We’re too smart these days. We’ve grown so inured to the often unbelievable nonsense on television, or the absurd chain emails we gather in our inboxes, that the idea of a hysteria-inciting radio play is laughable. So try, for a spell, to put yourself in the shoes of listeners who tuned in 70 years ago to The Mercury Theater on the Air’s performance of The War of the Worlds.
It’s October 30, 1938. A Sunday night. About 8 p.m. You’re sitting in your living room. Possibly in an easy chair. Maybe the lights are off and there’s a cup of tea on the table by your side. The radio dial casts a dim glow. You’re relaxed, listening to the immensely popular Chase and Sanborn Hour, starring Edgar Bergen and Charlie McCarthy. It’s weird, listening to a ventriloquist and his dummy on the radio how can you be sure Bergen’s not cheating? but the two of them are funny enough. A few minutes pass before some joker of a singer comes on. Time to switch the dial. All you want’s the dummy.
This sounds ok, you think, settling on some music. It sounds Spanish. 15 seconds or so pass, and then…
“Ladies and gentlemen, we interrupt our program of dance music to bring you a special bulletin from the Intercontinental Radio News. At twenty minutes before eight, Central Time, Professor Farrell of the Mount Jennings Observatory, Chicago, Illinois, reports observing several explosions of incandescent gas, occurring at regular intervals on the planet Mars. The spectroscope indicates the gas to be hydrogen and moving towards the Earth with enormous velocity…”
That doesn’t sound right.
You sit up in your chair a little. A few minutes later, after several more news bulletins and an interview with a Princeton astronomer, you hear the following…
“Ladies and gentlemen, this is Carl Phillips again, out at the Wilmuth farm, Grovers Mill, New Jersey…I hardly know where to begin…I guess that’s the thing buried in front of me, half buried in its vast pit.”
You start to get uncomfortable. A few minutes later…
“Ladies and gentlemen, this is the most terrifying thing I have ever witnessed…Someone’s crawling out of the hollow top…The whole field’s caught fire…It’s coming this way. About twenty yards to my right”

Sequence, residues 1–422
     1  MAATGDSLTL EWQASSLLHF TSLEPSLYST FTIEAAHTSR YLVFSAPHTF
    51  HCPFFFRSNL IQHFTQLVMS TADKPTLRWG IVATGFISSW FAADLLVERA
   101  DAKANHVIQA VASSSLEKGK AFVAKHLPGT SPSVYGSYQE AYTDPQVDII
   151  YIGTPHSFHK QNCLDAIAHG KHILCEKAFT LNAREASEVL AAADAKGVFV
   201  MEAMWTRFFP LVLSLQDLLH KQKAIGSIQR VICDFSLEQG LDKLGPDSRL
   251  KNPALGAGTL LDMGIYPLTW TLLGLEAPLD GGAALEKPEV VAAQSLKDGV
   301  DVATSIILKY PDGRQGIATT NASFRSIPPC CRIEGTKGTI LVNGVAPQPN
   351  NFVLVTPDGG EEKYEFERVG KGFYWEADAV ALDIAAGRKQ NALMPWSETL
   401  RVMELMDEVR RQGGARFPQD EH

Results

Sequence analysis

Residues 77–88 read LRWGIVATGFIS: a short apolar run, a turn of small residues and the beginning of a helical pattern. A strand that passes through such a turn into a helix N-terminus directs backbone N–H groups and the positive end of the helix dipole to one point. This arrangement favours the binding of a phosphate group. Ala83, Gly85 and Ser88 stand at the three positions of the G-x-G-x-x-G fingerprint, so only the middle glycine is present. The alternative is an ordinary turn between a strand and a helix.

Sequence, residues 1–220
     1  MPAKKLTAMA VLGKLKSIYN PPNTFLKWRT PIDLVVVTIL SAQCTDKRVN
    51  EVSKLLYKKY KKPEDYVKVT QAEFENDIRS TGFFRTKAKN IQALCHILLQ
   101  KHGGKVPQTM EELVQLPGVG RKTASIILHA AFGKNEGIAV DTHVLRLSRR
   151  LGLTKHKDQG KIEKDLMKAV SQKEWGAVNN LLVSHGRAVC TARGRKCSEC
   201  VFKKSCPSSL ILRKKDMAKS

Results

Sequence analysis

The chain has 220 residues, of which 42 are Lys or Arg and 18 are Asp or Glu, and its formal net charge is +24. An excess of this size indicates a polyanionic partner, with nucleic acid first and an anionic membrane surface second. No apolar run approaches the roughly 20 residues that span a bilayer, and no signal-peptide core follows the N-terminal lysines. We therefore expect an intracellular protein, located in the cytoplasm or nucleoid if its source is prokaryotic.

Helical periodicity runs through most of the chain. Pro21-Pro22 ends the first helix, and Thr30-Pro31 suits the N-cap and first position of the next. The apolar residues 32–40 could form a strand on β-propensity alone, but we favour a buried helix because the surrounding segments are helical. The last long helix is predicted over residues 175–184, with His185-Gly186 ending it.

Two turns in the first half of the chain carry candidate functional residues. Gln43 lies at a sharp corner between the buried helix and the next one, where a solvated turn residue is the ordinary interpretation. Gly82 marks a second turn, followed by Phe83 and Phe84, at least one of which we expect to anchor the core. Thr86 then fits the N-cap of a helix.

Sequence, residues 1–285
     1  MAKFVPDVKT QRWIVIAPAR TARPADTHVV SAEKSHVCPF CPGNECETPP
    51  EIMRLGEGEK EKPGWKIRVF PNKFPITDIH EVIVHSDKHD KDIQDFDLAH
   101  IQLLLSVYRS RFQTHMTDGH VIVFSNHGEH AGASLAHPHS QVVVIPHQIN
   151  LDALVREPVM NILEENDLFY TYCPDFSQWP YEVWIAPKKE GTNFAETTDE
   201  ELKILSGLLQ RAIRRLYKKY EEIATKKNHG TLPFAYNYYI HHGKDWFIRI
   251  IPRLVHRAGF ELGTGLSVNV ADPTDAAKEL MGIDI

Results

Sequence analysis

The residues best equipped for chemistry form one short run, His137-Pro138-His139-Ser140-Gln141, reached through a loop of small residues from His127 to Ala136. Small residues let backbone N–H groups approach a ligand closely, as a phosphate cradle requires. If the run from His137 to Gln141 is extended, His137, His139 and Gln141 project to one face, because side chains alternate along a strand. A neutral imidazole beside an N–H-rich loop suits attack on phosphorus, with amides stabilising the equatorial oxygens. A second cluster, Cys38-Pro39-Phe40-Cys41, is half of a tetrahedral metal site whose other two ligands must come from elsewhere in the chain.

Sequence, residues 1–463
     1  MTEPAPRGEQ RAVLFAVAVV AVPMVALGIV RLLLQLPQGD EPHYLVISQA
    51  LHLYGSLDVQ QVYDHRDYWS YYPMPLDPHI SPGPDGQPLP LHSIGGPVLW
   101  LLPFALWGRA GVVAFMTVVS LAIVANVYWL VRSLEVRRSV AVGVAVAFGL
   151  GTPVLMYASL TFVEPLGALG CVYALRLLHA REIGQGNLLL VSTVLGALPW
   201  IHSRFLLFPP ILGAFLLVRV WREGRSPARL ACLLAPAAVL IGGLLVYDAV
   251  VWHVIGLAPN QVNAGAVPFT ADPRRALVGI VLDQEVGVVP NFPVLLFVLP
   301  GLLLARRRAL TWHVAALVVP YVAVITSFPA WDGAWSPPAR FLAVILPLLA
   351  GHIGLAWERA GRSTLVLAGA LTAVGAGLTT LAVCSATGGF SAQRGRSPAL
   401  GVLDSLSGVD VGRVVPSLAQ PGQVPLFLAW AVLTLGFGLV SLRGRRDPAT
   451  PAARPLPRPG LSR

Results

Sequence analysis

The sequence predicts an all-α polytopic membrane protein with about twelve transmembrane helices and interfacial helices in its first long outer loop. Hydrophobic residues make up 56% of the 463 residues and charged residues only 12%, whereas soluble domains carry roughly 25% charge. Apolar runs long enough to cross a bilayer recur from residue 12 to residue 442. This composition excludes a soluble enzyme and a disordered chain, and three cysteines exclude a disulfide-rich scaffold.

Silence. Dead silence. This is bad. What’s going on? Have Martians invaded Earth? Can’t be, right? But it’s on the radio, and the radio doesn’t lie. Is that smoke I smell? Why is old lady Johnson screaming next door? Holy hell…
Similar scenes were repeated all over the East Coast. Listeners poured into the streets. Some headed to church. Others headed to spend their last hours on Earth with family. Wet towels served as makeshift gas masks to protect against the poison gas the radio said was headed outward from New Jersey. Many were convinced it was the end of the world.
When producer John Houseman suggested The War of the Worlds as the Mercury Theater’s Halloween eve broadcast, director and star Orson Welles laughed it off as silly and dull. Eventually, the idea surfaced to update the 1898 H.G. Wells story and split it into two. The first part would take the form of a series of musical pieces broken up by increasingly urgent news bulletins. No radio play before had toyed with the form like this, and the bulletins at this point old hat to Americans familiar with the dire updates coming out of Europe gave the story a sense of verisimilitude that it otherwise would have lacked. Listeners who came in late missed the opening announcement that this was a radio adaptation. Jump ahead here to the seven minute mark to get a sense of what you would have heard had you tuned in late.
Those who stuck out the first half hour, and didn’t run gibbering out the door, would have heard the play’s second half take a more familiar dramatic path, as a survivor roams a blasted landscape, looking for any signs of human life. Following the broadcast’s end, news got to Welles of angry calls to the CBS building, and exaggerated accounts of death and mayhem in the streets of America lingered for days. “If you had read the newspapers the next day, you would have thought I was Judas Iscariot and that my life was over,” Welles would later say. Instead, The War of the Worlds made him a star.
The radio play itself became a textbook example of mass hysteria: in 1940, Princeton psychologist Hadley Cantril used an analysis of listeners’ reactions to posit that social panics occur when large groups can’t discern reliable sources of advice from unreliable ones. That said, there’s little chance that a media hoax of this magnitude could happen again. We’ve grown too sophisticated, too cynical to believe that little green men from Mars with big silver spaceships will land in New Jersey, of all places. We’re too smart, for example, to be fooled by telephone calls suggesting that John McCain illegitimately fathered a black child; too smart to be fooled by emails claiming Barack Obama is a secret Muslim. Too smart.
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